Wednesday, 23 October 2013

Dangers remain with electoral registration changes: Norwich and Cambridge could be amongst the most affected areas

The government is planning to introduce individual electoral registration (IER) in June 2014.  A new report and data released from the Electoral Commission suggests its implementation still poses a risk for British democracy.

My earlier research on the likely effects of IER suggested that this would:
  • improve confidence in elections, but
  • result in a considerable decline in levels of electoral registration, a concern when electoral registration levels are already low in the UK.  This would affect particular groups such as students, the mobile and young disproportionately.
  • lead to a considerable increase in the costs of running UK elections.  
  • lead to issues with data management and a need for staff training
The government is trying to prevent a decline though 'data-matching' - use the government's existing records such as the DWP database to improve re-register people automatically.  A new report from the Electoral Commission has said that plans to implement IER are 'on track' but there remains risks:
  • 52% of electoral officials are concerned that they will not have enough money to implement data-matching effectively
  • a system for allowing online registration has not been fully tested yet
  • although re-registration rates were higher than last thought, there are uneven regional effects ranging from 46.9% in Kensington and Chelsea to 86.4%.  'Students, young adults and private renters' are also less likely to be re-registered.  
Which areas are most affected?

I had a quick look at some of the Electoral Commission's data on which areas were the most and least affected.  What percentage of people are on the electoral register but cannot be matched against the DWP database?  In my own local area of the East of England, the local authorities most/least affected are:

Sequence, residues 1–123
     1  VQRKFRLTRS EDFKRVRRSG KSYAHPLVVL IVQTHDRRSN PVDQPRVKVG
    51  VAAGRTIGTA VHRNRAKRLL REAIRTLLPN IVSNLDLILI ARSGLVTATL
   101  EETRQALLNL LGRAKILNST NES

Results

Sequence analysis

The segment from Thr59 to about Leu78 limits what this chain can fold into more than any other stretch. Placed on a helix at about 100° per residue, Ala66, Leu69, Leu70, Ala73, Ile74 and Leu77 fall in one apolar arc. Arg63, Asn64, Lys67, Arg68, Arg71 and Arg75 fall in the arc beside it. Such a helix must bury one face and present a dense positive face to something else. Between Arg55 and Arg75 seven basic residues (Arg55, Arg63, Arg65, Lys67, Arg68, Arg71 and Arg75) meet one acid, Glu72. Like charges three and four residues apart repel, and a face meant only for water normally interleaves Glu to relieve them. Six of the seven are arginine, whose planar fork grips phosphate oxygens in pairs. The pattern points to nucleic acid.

Local Authority / Percentage of registered electorate that could not be matched

Cambridge 36.7%  (33,205 people)
Norwich 26.2% (26,941 people)
Watford 22.3%
Luton 20.6%
Colchester 21.1%
Tendering 13.0%
Broadland 13.8%
Castle Point 13.0%
Rochford 12.8%

The breakdown by wards gives us more detail and shows how students are a key group who might be affected.  Amongst the highest wards were:

Market (Cambridge) 75.2% (4813 people)
Wivenhoe Cross (Colchester) 55.2% (3757 people)
University (Norwich) 46.5% (3521 people)

Implementation is everything when it comes to government policy and it is no different with elections.  There needs to be adequate funding available for electoral officials in local government if British elections are not to be adversely affected.  These reforms come at a time when budgets are already being squeezed because of public spending cuts and the number of elections that held is increasing.

Friday, 19 July 2013

Electoral registration changes hit a set-back: A new way forward

There was bad news for British democracy on Wednesday.  The new system of electoral registration being introduced in Britain next year hit a set-back.

Soon, every citizen in Britain will need to register individually and provide key personal identifiers in order to register.  When this was introduced in Northern Ireland there was a significant decline in levels of electoral registration.  Research has suggested that a further decline will occur when implemented in Britain too.  This is especially troubling since one in five of eligible voters are already thought to not be registered.  I wrote a blog about the changes on the Democratic Audit website earlier in the week.  But things are moving quickly. 

One idea that the government has been exploring to prevent any drop is data-mining.  This involves registration officers using other government databases, such as the Department for Work and Pensions, the Student Loans Company etc., to find the names and addresses of people who are not on the register.  They can then be written to and invited to register.